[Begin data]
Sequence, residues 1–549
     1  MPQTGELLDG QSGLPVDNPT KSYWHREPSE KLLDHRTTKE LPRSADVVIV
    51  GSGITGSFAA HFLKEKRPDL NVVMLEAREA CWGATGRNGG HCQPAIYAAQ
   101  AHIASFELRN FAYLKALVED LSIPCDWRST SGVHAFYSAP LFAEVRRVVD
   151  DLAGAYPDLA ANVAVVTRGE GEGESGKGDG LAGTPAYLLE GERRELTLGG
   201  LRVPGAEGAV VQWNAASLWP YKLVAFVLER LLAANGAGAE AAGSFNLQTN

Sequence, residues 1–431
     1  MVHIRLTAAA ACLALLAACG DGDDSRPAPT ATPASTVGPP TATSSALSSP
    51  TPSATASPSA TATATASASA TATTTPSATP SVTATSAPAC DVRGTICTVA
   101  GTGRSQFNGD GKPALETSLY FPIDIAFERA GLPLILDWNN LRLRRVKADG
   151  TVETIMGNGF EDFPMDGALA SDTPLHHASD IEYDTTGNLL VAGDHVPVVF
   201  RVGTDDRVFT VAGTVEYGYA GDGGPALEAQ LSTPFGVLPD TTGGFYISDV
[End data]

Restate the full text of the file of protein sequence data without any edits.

Sequence, residues 1–549
     1  MPQTGELLDG QSGLPVDNPT KSYWHREPSE KLLDHRTTKE LPRSADVVIV
    51  GSGITGSFAA HFLKEKRPDL NVVMLEAREA CWGATGRNGG HCQPAIYAAQ
   101  AHIASFELRN FAYLKALVED LSIPCDWRST SGVHAFYSAP LFAEVRRVVD
   151  DLAGAYPDLA ANVAVVTRGE GEGESGKGDG LAGTPAYLLE GERRELTLGG
   201  LRVPGAEGAV VQWNAASLWP YKLVAFVLER LLAANGAGAE AAGSFNLQTN

Sequence, residues 1–431
     1  MVHIRLTAAA ACLALLAACG DGDDSRPAPT ATPASTVGPP TATSSALSSP
    51  TPSATASPSA TATATASASA TATTTPSATP SVTATSAPAC DVRGTICTVA
   101  GTGRSQFNGD GKPALETSLY FPIDIAFERA GLPLILDWNN LRLRRVKADG
   151  TVETIMGNGF EDFPMDGALA SDTPLHHASD IEYDTTGNLL VAGDHVPVVF
   201  RVGTDDRVFT VAGTVEYGYA GDGGPALEAQ LSTPFGVLPD TTGGFYISDV